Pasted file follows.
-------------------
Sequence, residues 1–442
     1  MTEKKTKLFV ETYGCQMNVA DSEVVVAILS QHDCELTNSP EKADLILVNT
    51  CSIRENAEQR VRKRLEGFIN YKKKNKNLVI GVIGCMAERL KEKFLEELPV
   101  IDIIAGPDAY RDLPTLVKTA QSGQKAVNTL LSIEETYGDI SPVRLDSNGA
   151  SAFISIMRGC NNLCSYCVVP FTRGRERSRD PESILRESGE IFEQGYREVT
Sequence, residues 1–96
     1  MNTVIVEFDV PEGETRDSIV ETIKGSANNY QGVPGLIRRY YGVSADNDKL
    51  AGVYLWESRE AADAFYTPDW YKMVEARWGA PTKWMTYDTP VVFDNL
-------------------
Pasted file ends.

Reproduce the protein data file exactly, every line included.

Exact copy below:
Sequence, residues 1–442
     1  MTEKKTKLFV ETYGCQMNVA DSEVVVAILS QHDCELTNSP EKADLILVNT
    51  CSIRENAEQR VRKRLEGFIN YKKKNKNLVI GVIGCMAERL KEKFLEELPV
   101  IDIIAGPDAY RDLPTLVKTA QSGQKAVNTL LSIEETYGDI SPVRLDSNGA
   151  SAFISIMRGC NNLCSYCVVP FTRGRERSRD PESILRESGE IFEQGYREVT
Sequence, residues 1–96
     1  MNTVIVEFDV PEGETRDSIV ETIKGSANNY QGVPGLIRRY YGVSADNDKL
    51  AGVYLWESRE AADAFYTPDW YKMVEARWGA PTKWMTYDTP VVFDNL